Other folks, like Bob N. in Massachusetts, sell their compost "by accident". Bob had been composting the manure from his horses for several years and spreading everything he produced on his own pastures. One day a neighbor asked him what he was up to and when he heard the word "compost" he asked if he could buy some for his garden. Very quickly, word got out and Bob was selling everything he produced, leaving him without any to spread on his own farm. He raised his prices 40% to slow down sales, but that didn't work - he just ended up making more money.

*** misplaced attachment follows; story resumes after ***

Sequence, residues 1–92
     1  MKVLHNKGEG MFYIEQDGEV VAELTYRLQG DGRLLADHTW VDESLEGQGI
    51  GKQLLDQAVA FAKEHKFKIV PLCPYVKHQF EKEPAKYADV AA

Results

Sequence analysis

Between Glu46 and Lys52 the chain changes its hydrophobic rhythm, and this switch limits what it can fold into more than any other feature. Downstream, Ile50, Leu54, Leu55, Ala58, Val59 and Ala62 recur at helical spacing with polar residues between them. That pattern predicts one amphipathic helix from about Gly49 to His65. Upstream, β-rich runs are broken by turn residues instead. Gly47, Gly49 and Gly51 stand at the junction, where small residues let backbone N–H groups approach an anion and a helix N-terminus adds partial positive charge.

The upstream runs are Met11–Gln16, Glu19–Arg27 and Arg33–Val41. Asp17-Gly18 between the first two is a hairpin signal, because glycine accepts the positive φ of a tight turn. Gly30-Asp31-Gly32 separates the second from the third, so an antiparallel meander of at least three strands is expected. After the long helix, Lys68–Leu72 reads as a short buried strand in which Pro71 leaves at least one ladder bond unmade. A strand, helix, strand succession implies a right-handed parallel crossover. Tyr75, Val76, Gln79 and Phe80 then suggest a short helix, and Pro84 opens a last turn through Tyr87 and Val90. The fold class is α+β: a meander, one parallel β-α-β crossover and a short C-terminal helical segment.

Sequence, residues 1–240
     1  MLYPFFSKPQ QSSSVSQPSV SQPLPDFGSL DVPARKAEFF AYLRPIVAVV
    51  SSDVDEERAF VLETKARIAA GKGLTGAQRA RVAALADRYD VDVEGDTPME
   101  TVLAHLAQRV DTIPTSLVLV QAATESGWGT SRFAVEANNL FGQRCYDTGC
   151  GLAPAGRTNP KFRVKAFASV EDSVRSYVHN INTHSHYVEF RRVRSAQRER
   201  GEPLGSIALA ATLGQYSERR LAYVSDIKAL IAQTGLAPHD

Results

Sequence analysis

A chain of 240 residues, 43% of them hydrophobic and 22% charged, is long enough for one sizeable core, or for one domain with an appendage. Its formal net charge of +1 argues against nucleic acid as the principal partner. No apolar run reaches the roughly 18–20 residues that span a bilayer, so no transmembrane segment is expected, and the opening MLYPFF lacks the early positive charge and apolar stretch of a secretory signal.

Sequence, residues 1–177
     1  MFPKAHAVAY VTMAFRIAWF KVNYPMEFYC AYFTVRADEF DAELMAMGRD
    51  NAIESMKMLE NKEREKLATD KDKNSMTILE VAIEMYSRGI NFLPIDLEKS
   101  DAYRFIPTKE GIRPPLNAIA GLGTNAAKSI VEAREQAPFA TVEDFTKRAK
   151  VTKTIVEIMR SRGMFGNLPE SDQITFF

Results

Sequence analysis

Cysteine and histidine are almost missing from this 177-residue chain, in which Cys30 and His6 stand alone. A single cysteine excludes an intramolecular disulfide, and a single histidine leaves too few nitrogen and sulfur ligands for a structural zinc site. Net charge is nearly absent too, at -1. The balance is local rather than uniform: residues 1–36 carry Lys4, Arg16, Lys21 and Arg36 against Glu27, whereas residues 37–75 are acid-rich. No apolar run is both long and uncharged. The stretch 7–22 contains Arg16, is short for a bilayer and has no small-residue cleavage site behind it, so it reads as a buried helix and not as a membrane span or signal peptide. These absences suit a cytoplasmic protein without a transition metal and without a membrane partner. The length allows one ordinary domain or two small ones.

Many years ago, Darrel P. in Washington installed an O2Compost system. This enabled him to stop spending $1,500 per month to self-haul and dispose of his manure. Instead, he sold his compost to a local tree nursery and netted $1,250/month (a positive $2,750/month to his bottom line). Needless to say, Darrel was quite pleased with this turn of events and his parting comment was, "Perhaps now I need more horses."

Bill B. in Oregon started out with 2 horses and over a few years his herd somehow grew to over 80. Bill constructed an O2Compost system and sold all of his compost to a local bagged potting soil company. This working relationship evolved to where the owner of the soil company took over operation of the facility on Bill's farm (equipment, labor, the works) and pays Bill $5.00/cubic yard for the finished compost. Now that's a "Working Asset"!